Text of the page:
Cover Cake With Fondant

Decorating By cakegirl71 Updated 5 Sep 2010 , 2:29pm by Marianna46

cakegirl71 Posted 2 Sep 2010 , 12:17pm
post #1 of 16

I have a cake to do on a Sunday.Will it be ok to cover the cake in fondant on Friday night and decorate it on Saturday night?

15 replies
msauer Posted 2 Sep 2010 , 12:35pm
post #2 of 16

It would be just fine.

cab333 Posted 2 Sep 2010 , 1:53pm
post #3 of 16

Can I jump in with a question here? The layer of buttercream that one puts between the fondant and the cake, is it basically a messy crumb coat or more of a proper layer?

Mexx Posted 2 Sep 2010 , 2:02pm
post #4 of 16

Yes, a thin crumb coat.

cab333 Posted 2 Sep 2010 , 2:07pm
post #5 of 16

Thanks Mexx, my fellow Canadian newbie (to the boards that is!) icon_smile.gif

catlharper Posted 2 Sep 2010 , 10:18pm
post #6 of 16
Quote:
Originally Posted by cab333

Can I jump in with a question here? The layer of buttercream that one puts between the fondant and the cake, is it basically a messy crumb coat or more of a proper layer?




You want it to be a smooth as possible because any lump or bump in the crumbcoat will show thru the fondant. I do my coating just thick enough so you can no longer see the cake underneath but not nearly as thick as the final layer of BC would be.

Cat

leily Posted 2 Sep 2010 , 10:20pm
post #7 of 16
Quote:
Originally Posted by cab333

Can I jump in with a question here? The layer of buttercream that one puts between the fondant and the cake, is it basically a messy crumb coat or more of a proper layer?




You do whatever works for you. Some people only put a thin crumbcoat on, others do a full layer of buttercream under the fondant. Others use a layer of ganache.

I personally do a normal layer of buttercream as if it was a buttercream cake. It's what works well for me and my customers.

Practice both ways and see what you prefer to do, there is no right or wrong way, just whatever way works for you!!

Marianna46 Posted 2 Sep 2010 , 10:28pm
post #8 of 16

Your timetable for covering and decorating the cake is good - it's the one I always use, although sometimes I cover and decorate the same day, especially if I have fondant cutouts to put on the cake: fresh fondant sticks to fresh fondant very easily with just a little water or tylo glue. If the fondant is dry you need to use something like RI which is a little messier (and besides you have to make it and tint it, whereas I always have tylo glue on hand (1/2 cup water mixed with 1/4 tsp. of CMC, let sit for a few hours).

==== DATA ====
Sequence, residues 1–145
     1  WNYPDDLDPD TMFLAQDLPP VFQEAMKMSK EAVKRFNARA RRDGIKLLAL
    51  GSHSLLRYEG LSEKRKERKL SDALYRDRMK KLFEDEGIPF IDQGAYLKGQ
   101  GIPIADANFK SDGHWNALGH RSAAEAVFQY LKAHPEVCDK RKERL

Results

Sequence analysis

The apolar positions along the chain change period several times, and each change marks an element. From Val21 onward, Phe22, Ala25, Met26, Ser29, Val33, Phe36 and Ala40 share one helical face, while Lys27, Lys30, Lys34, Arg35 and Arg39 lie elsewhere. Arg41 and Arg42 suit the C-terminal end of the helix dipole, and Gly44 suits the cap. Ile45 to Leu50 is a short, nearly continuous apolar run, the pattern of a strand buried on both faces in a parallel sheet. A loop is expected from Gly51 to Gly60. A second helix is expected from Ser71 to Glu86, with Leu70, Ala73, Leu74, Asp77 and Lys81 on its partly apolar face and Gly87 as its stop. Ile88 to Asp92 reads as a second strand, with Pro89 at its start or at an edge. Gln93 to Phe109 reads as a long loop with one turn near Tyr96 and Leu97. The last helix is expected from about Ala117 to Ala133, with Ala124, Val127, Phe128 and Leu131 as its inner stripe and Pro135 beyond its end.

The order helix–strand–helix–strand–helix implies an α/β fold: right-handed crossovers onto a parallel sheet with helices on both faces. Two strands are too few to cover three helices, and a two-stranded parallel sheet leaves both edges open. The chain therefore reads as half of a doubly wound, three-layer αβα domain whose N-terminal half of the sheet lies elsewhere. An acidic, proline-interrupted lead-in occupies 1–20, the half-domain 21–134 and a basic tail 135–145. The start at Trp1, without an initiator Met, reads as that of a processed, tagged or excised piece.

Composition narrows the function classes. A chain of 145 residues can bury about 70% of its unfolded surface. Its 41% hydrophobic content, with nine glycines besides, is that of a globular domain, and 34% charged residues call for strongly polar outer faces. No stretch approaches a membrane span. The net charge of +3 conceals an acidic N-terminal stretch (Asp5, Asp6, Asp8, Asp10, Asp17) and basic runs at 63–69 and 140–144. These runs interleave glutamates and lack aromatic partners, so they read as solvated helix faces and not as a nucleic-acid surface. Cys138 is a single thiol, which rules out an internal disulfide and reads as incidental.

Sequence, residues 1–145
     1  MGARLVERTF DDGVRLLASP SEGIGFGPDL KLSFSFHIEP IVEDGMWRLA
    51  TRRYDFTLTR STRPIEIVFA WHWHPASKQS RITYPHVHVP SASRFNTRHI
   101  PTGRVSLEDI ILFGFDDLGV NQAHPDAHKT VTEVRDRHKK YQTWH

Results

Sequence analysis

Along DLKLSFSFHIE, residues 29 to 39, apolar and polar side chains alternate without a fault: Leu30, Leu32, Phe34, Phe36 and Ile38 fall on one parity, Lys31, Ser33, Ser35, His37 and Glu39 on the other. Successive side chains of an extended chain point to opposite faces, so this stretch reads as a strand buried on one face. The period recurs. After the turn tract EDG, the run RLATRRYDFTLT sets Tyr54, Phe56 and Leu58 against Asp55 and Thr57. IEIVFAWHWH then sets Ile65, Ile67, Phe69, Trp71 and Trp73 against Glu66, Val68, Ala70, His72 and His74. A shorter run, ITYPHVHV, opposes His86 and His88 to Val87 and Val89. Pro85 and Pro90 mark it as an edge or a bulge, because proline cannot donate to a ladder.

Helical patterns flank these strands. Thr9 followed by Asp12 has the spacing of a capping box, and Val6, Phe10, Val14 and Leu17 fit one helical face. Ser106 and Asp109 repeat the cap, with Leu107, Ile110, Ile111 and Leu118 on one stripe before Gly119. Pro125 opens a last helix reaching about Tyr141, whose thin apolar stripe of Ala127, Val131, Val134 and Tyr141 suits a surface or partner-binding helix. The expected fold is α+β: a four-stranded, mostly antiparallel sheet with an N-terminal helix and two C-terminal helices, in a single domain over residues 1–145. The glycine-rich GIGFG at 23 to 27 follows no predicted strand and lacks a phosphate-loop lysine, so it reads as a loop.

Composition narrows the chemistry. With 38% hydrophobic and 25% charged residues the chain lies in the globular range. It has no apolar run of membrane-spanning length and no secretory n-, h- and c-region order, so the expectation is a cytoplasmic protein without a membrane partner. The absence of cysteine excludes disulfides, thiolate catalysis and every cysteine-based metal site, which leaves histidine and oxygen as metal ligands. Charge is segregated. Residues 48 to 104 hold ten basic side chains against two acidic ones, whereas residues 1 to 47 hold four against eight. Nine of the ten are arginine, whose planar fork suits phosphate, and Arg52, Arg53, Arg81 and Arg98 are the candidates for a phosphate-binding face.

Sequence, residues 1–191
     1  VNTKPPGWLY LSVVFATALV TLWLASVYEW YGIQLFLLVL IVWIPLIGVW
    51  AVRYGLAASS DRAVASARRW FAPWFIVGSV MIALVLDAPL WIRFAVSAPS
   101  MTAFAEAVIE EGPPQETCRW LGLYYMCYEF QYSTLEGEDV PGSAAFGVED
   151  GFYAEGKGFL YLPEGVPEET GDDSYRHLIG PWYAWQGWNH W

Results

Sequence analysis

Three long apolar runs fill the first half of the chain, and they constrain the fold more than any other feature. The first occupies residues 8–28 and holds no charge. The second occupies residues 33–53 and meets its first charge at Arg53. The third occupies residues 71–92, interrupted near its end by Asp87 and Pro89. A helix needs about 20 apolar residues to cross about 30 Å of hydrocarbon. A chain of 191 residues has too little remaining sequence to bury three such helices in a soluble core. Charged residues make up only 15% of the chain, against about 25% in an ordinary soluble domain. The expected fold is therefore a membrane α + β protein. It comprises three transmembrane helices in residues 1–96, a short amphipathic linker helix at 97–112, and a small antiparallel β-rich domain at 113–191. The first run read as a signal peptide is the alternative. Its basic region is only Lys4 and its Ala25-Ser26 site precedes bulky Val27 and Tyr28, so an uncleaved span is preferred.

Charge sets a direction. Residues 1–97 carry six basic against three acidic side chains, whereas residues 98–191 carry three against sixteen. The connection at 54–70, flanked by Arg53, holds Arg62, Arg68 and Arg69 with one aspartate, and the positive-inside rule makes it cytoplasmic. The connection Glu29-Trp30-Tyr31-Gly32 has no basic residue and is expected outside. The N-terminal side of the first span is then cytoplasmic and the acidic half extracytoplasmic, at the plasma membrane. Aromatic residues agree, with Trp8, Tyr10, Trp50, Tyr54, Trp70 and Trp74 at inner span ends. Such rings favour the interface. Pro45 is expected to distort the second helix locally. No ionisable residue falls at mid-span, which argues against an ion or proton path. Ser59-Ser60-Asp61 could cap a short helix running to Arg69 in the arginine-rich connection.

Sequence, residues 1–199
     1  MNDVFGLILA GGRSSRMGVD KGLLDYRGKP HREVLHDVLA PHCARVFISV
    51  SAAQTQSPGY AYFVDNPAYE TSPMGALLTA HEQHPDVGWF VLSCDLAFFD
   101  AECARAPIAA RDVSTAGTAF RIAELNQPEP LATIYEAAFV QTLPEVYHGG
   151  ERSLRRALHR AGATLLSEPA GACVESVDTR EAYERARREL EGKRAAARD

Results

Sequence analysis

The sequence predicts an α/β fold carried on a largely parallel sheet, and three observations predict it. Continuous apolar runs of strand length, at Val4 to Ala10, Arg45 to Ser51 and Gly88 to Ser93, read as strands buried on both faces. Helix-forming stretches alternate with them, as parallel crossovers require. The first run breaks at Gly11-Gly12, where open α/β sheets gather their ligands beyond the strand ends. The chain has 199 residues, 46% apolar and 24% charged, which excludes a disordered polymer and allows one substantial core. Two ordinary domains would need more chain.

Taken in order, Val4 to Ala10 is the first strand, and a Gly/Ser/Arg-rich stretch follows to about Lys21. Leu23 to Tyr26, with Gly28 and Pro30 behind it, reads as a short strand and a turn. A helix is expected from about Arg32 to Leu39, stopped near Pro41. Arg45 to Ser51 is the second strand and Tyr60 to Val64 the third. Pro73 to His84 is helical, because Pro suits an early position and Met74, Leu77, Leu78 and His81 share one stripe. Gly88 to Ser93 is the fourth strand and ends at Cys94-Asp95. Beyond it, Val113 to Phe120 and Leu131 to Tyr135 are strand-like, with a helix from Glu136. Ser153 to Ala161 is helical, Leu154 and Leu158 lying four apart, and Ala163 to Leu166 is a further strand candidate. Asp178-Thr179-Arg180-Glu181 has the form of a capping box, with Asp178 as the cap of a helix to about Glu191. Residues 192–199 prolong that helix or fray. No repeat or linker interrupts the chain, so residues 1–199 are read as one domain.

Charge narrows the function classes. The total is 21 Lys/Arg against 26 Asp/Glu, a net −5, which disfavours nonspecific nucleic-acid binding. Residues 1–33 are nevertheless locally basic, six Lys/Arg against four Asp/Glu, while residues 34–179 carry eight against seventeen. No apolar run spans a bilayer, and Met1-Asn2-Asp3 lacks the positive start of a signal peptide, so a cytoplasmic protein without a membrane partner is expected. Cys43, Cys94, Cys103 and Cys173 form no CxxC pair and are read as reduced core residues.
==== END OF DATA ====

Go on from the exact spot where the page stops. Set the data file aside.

lyndim Posted 2 Sep 2010 , 10:30pm
post #9 of 16

I usually do a crumb coat then layer it in buttercream, many people don't like fondant so they can just peel off the fondant.

Stephy42088 Posted 2 Sep 2010 , 10:47pm
post #10 of 16

I'm going to jump in with another question too, if thats alright. I've looked at various cake decorating books and some had you just putting a layer of jam or apricot glaze on the cake before putting on the fondant? No buttercream except for the filling. Others had you putting almond paste or marzipan as the layer underneath the fondant? I found these all very odd, anyone done anything like this or heard of it?

brincess_b Posted 2 Sep 2010 , 10:57pm
post #11 of 16

Stephy42088 - all those methods are tried and tested, and good. its about what works for you and the customer. although usually marzipan and fondant go on fruitcake, its quite popular on sponge too in the uk.
xx

MamaD77 Posted 2 Sep 2010 , 11:05pm
post #12 of 16

Hi Stephy,

I think its quite a British thing to do, and also a rather more dated/old fashioned way of doing it. Many of the older books I've picked up from my local library teach this way of doing the base for fondant. I have to say it has been nothing short of miraculous since I've discovered CC that there's a better way of doing it than the jam coat. It truly is a PITA to have to work with, and now that I have discovered the buttercream way of doing the crumb/base coat, I will absolutely NEVER be going back to jam again!!

I also hated the taste with the jam, especially apricot, yuck!

Now that I've been enlightened to the ways of the buttercream, my caking has become soo much more enjoyable. icon_biggrin.gif

As for the marzipan, it's mostly used for fruitcake under fondant, although I'm not sure of the technical reasons behind it!!

HTH! icon_biggrin.gif

MamaD77 Posted 2 Sep 2010 , 11:12pm
post #13 of 16

Hey brincess_b !

looks like we posted similar reply at same time there! I just noticed you're in Scotland too!! I should add that I agree with you, it is a case of personal/customer preference. The jam is just way too sticky for my liking, and a bit too thin. Much easier to cover up lumps and bumps etc with BC. It has been my saviour!!

Mexx Posted 2 Sep 2010 , 11:55pm
post #14 of 16

The apricot glaze and marzipan under fondant is generally only used on fruitcake.

cakegirl71 Posted 3 Sep 2010 , 1:10am
post #15 of 16

Thanks Mirianna46 for the tip on the Fondant.So if I cover the cake with fondant on Friday I may have a hard time getting my RI flowers to stick on Saturday?I gues I will use RI to get them to stick.

Marianna46 Posted 5 Sep 2010 , 2:29pm
post #16 of 16

Stephy42088, aside from the fact that cakes need a crumb coat, the thing about fondant is that it won't stick to cake itself, it needs something a little more moist. Some people use buttercream, some (like me) use ganache and some use strained apricot jam (a REALLY thin layer), which is what I used to do. Where I live now is too humid to use either buttercream or jam, which is why I switched to ganache. I also find that jam, no matter how thin I spread it, just makes the cake too sweet.

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